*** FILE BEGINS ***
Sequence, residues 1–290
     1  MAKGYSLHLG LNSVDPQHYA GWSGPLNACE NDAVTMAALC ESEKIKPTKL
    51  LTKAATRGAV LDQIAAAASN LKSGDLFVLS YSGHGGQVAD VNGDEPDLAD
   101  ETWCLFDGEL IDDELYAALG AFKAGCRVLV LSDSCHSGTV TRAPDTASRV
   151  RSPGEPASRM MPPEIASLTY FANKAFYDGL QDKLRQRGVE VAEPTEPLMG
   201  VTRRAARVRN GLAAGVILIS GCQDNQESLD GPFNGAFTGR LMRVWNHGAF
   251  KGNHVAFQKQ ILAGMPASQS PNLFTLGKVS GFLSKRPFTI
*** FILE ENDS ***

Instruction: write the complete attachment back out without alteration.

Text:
Sequence, residues 1–290
     1  MAKGYSLHLG LNSVDPQHYA GWSGPLNACE NDAVTMAALC ESEKIKPTKL
    51  LTKAATRGAV LDQIAAAASN LKSGDLFVLS YSGHGGQVAD VNGDEPDLAD
   101  ETWCLFDGEL IDDELYAALG AFKAGCRVLV LSDSCHSGTV TRAPDTASRV
   151  RSPGEPASRM MPPEIASLTY FANKAFYDGL QDKLRQRGVE VAEPTEPLMG
   201  VTRRAARVRN GLAAGVILIS GCQDNQESLD GPFNGAFTGR LMRVWNHGAF
   251  KGNHVAFQKQ ILAGMPASQS PNLFTLGKVS GFLSKRPFTI